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Question 1: Explain why real GDP might be an unreliable indicator of the standard of living.
Question 2: Why does unemployment arise and what makes some unemployment unavoidable?
Question 3: Consider the following statement: ‘When the average level of prices of goods and services rises, inflation rises’? Do you agree or disagree? Explain.
Question 4: What is the aggregate demand (AD) curve and why does it slope downwards? Explain.
Question 5: What is the long run aggregate supply (LRAS) curve and why is it vertical? Why does the short run aggregate supply curve slope upwards?
Economics Assignment Solution
Explain why real GDP might be an unreliable indicator of the standard of living.
Real GDP is defined as the value of all commodities produced in an economy, measured with respect to the constant level of prices prevailing in a certain ‘base year’. Worded otherwise, Real GDP measures the total income of everyone in the economy (adjusted for the level of prices). (Mankiw 2014)
Real GDP is often used to gauge the standard of living of an economy. Sometimes, after being adjusted for Purchasing Power Parity, it is used to compare the standards of living across different economies (Cohn 2016). However, firstly, the measurement of Real GDP omits household production (King 2012). Second, even if in many parts of the world, the underground economy is a prime arena of economic activity, income generated therein is not reported in calculations of Real GDP. Third, important indicators of economic well-being – people’s health, life expectancy and valuation of leisure-time are not included in Real GDP computations (Parkin 2007). While a high life-expectancy raises economic well-being, a high valuation of leisure may lead to reduced production, lower Real GDP and reduced economic well-being. Fourth, Real GDP omits the effects of environmental degradation (Samuelson 2010). Consequently, a country may appear to be offering higher economic welfare (East European countries under communism) than another that grows slower, causing lesser environmental expense. Finally, Real GDP calculations also omit the degree of political freedom and social justice enjoyed by a nation’s citizens (Nussbaum 2011). Thus, Real GDP may not be a reliable indicator of the standard of living of an economy.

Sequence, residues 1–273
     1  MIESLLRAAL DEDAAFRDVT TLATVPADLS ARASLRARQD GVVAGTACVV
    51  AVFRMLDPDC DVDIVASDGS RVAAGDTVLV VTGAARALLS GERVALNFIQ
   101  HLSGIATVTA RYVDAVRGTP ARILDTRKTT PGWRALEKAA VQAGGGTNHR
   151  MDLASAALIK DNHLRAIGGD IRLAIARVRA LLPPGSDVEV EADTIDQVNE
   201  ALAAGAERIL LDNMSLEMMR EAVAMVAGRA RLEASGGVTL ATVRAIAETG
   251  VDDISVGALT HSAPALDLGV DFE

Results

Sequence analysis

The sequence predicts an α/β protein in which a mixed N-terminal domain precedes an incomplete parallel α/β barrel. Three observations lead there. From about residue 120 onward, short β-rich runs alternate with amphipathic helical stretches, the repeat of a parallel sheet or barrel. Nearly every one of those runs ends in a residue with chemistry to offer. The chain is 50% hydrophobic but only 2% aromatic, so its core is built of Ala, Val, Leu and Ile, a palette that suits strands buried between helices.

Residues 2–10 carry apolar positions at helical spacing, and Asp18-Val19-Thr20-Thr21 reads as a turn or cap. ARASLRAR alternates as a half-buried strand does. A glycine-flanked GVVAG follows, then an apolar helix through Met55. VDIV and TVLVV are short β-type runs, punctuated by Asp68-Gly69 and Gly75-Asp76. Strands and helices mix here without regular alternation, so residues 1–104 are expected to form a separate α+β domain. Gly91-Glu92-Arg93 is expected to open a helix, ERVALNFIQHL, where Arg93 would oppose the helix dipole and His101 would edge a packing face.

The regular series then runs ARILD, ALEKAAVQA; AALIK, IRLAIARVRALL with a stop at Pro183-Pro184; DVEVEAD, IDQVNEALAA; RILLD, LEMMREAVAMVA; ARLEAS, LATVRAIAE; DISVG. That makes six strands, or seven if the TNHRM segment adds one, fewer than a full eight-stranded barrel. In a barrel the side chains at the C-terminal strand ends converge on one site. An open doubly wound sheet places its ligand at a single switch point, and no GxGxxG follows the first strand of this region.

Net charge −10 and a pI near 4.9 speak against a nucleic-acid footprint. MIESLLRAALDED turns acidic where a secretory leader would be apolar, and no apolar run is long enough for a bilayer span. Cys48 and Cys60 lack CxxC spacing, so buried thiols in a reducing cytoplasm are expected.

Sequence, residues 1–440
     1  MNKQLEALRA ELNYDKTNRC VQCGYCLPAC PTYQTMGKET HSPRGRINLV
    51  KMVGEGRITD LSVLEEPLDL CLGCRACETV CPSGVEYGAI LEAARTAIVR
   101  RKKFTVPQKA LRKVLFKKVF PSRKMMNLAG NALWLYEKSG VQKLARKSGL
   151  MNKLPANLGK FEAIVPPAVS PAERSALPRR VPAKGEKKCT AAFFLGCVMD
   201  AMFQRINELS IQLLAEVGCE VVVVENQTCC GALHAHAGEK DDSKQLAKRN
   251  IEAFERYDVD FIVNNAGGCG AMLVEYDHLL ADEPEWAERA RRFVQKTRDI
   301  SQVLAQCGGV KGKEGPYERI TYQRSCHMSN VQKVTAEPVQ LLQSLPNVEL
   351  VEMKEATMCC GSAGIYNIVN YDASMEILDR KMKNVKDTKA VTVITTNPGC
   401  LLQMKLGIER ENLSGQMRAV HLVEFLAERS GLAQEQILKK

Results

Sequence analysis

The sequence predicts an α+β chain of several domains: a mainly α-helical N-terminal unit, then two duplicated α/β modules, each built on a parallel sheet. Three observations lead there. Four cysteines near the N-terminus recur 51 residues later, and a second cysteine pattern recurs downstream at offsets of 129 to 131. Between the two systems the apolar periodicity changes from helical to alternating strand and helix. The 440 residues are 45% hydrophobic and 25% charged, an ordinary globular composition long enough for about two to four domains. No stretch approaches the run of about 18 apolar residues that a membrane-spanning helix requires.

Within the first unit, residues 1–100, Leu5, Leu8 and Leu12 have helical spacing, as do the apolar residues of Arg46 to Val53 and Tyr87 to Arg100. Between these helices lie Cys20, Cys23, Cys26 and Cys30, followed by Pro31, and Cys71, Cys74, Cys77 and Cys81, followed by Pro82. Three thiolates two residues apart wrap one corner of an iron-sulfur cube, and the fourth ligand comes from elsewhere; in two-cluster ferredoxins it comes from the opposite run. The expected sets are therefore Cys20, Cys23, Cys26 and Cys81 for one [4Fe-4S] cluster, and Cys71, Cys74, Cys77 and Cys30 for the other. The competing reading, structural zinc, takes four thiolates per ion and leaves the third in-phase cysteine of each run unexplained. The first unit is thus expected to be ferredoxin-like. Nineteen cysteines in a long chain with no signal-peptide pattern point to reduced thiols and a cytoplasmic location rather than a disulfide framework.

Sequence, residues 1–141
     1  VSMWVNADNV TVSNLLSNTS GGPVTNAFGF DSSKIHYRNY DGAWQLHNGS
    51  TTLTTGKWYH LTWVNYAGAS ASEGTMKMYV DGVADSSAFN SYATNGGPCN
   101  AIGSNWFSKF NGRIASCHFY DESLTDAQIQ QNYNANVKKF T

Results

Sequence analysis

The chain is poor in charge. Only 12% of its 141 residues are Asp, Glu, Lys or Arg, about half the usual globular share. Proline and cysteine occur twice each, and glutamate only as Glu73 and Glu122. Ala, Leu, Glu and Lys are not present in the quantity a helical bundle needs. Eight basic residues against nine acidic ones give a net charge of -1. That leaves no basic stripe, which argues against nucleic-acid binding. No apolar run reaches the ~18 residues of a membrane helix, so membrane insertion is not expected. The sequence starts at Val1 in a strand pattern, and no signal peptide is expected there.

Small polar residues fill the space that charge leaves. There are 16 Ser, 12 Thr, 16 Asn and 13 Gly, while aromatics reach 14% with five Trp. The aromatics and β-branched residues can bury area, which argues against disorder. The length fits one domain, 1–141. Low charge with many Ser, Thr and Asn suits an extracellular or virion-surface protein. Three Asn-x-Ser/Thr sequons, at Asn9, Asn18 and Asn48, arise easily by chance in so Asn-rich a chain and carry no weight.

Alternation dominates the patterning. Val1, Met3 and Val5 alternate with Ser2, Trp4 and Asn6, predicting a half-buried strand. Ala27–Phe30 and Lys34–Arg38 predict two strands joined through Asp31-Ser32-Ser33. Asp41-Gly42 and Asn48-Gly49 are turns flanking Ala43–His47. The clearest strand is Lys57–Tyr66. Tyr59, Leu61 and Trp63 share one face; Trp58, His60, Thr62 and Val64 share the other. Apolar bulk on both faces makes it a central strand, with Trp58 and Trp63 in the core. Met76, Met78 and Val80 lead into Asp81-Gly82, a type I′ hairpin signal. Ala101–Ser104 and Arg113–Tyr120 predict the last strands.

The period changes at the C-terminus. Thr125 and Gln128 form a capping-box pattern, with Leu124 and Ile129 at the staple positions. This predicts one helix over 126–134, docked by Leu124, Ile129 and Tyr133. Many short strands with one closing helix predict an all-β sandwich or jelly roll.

Why does unemployment arise and what makes some unemployment unavoidable?
Unemployment is a fundamental indicator of the health of an economy. When some active job-seekers within the labour force, cannot find employment, the economy is said to have some unemployment. According to the Australian Bureau of Statistics (ABS), the unemployment rate was 5.6% in August 2016 in Australia ((ABS) 2016).
Unemployment may arise due to:
- New entrants or Reentrants (someone returning to the labour force after an interval of not searching for jobs) into the labour force (Dornbusch, Fischer & Startz 2015),
- Persons quitting jobs to look for new ones,
- Workers getting ‘laid off’,
- Workers losing a job, by getting fired or because the firm closed down, and
- Wage rigidity and job rationing (Structural Unemployment).
A fundamental mismatch between the numbers of job-seekers and job-vacancies causes Structural Unemployment. Labour Unions often fix wages beyond the equilibrium levels, culminating in some structural unemployment (Mankiw 2014). However, it is Frictional Unemployment and the resulting natural rate of unemployment that make some unemployment unavoidable in every market economy. Frictional unemployment is defined as unemployment, which results from time spent between jobs when a worker is looking for or transitioning from one job to another (Samuelson & Nordhaus 1989). Different workers have different abilities and preferences. Jobs too differ in their respective attributes. However, the flow of information in the labour market is imperfect. The geographic mobility of workers is also not instantaneous. Thus, it takes time to search for a job during which one is frictionally unemployed.